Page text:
|Principal Investigator: Giavonni Lewis|
|Keywords: Acellular Amniotic Fluid , chronic wounds , pAF for chronic wounds||Department: Surgery Administration|
|IRB Number: 00128708|
|Specialty: Surgery, General|
|Sub Specialties: Burn Surgery|
|Recruitment Status: Recruiting|
This is a prospective randomized controlled study to determine the safety and feasibility of using processed amniotic fluid (pAF) to expedite healing in chronic wounds
The goal of our study is to assess, in an outpatient setting, the safety and healing in chronic wounds treated with pAF. We will include patients with lower extremity full thickness wounds that are greater than 3 months old and less than 12 months old. These wounds must have been unresponsive to other therapies, such as debridement, novel topical dressings, moist dressing, off-loading, and edema control, and the wound size must be greater than or equal to 5cm2 and less than 75 cm2. We will exclude anyone that is admitted to the hospital at the time of enrollment, is less than 18 years old or older than 85 years old, is known to be pregnant or planning to become pregnant (including women of childbearing potential who are unwilling to use effective birth control while participating in the study), is breastfeeding, has suspicion of osteomyelitis, has received or plans to receive an investigational agent or intervention, has a thermal-related injury (burn or frostbite, etc.) or wounds over joints, requires skin grafting, has wounds with sinus tracts, has a diagnosed highly disruptive uncontrolled mental health disorder, or has a known history of prior drug abuse. Our primary objective is to determine the safety of using pAF to treat patients with chronic wounds and our secondary objective is to assess the reduction in wound size after application of pAF compared to standard of care.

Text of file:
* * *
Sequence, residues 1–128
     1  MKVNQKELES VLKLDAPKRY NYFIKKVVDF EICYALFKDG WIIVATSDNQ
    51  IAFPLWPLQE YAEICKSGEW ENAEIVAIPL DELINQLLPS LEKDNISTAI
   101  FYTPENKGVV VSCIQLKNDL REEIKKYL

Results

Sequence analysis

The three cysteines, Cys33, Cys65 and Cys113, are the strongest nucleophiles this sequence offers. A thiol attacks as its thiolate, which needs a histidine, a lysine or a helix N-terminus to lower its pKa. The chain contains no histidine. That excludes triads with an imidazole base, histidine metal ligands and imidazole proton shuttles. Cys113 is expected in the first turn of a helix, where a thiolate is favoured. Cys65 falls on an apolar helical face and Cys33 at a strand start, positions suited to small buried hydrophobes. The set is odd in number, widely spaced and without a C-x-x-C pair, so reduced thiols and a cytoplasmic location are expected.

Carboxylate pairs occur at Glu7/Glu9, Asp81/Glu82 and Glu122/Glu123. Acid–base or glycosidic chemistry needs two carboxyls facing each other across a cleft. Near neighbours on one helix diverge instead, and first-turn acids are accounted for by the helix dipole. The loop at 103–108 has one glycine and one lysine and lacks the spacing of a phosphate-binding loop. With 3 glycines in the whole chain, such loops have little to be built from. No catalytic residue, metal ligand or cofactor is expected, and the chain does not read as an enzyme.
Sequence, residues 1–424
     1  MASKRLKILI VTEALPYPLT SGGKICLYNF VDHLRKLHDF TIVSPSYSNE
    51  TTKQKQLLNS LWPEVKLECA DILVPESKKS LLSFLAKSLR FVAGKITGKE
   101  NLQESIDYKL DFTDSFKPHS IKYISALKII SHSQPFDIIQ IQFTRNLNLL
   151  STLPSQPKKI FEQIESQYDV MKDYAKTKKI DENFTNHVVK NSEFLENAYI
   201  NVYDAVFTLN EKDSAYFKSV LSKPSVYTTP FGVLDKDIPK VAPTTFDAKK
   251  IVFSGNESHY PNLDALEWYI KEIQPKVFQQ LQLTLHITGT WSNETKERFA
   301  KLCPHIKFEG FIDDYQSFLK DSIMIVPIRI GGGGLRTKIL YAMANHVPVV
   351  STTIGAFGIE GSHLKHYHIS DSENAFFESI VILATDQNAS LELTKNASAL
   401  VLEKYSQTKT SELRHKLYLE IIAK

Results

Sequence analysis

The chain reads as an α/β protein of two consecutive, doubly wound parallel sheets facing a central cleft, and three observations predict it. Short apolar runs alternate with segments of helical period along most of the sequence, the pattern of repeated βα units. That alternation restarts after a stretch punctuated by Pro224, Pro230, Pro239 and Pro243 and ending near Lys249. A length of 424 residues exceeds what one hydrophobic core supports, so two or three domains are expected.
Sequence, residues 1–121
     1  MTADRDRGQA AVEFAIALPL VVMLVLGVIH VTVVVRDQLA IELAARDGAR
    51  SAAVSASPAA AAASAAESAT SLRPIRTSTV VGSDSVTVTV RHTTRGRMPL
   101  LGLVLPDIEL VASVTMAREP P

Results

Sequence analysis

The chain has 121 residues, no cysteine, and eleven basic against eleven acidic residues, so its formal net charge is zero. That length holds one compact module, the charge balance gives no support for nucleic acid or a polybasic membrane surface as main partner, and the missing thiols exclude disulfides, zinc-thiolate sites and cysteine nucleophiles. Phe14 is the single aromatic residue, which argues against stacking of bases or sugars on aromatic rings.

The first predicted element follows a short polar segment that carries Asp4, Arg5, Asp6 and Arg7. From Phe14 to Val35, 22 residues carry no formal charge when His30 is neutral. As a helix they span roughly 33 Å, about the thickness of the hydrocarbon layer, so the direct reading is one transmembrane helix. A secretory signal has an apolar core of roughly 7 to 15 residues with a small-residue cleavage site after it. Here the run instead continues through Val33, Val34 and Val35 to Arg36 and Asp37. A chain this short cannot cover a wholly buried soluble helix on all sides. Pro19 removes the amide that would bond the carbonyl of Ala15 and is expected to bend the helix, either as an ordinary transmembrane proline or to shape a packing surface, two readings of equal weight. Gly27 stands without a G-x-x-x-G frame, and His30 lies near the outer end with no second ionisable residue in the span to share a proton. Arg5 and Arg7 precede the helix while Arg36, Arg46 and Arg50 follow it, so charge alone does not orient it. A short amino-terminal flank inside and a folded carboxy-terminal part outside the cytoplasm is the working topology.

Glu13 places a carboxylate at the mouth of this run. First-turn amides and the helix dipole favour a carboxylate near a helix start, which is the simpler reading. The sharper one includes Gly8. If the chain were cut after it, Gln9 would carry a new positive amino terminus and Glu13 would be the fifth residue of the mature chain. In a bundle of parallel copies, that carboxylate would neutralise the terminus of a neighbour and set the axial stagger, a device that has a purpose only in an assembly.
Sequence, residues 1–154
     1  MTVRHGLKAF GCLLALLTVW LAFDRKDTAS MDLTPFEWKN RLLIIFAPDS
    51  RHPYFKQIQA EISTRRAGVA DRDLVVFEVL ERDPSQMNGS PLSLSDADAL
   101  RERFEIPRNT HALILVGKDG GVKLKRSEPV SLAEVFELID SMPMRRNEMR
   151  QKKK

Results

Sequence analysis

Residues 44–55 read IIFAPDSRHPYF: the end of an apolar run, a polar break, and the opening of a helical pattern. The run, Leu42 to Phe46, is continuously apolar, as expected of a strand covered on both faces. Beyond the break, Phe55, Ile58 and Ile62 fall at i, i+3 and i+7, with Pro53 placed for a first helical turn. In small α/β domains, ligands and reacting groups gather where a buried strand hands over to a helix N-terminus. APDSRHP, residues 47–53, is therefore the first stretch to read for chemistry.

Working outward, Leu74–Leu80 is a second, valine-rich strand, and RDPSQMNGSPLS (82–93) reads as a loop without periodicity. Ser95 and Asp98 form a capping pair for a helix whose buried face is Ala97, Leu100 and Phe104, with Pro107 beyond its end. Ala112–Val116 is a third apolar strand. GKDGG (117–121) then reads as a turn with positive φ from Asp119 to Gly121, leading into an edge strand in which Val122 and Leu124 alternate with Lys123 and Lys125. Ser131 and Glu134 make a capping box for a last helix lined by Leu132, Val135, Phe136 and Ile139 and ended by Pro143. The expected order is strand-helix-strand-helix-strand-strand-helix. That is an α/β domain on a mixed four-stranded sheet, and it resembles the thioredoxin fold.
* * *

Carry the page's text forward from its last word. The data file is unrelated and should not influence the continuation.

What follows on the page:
- Primary Objective: The Burn Outpatient Clinic sees multiple types of wounds from burn to non-burn. The care of patients with chronic wounds is complex and difficult. To date, we have not found any treatments, including various dressings or other stem cell based therapies, which consistently reduce time of wound closure and improve pain. We would like to investigate the safety of using pAF to treat these wounds.
- Secondary Objective: To determine efficacy by examining a reduction in wound size after application of pAF compared to Standard of Care (SOC)
- Primary Endpoint: Whether the patient experienced any post-randomization, study-related SAEs while on study (up to Visit 5, defined later).
- Secondary Endpoint: The percent reduction in wound area at Visit 5 relative to the size at randomization visit.
The role of the efficacy analysis is de-emphasized, with efficacy only a secondary objective. We do not claim that the study is adequately powered to demonstrate efficacy; however, it is reasonable to assess efficacy in a phase 2 trial, and then if a phase 3 trial is warranted, adequately power the phase 3 trial.
- Patients 18-85 years old.
- Patients with chronic lower extremity wounds that are greater than 3 months, but less than 12 months old.
- Patients with full thickness wounds.
- Patients with at least one wound that is ≥5 cm2 and<75 cm2 in size.
- Patients who have failed previous traditional therapies (such as: standard of care, hyperbaric oxygen therapy, debridement, moist dressings, off-loading and edema control).
Of note, the subjects in the control arm subjects will be consented as with the treatment arm.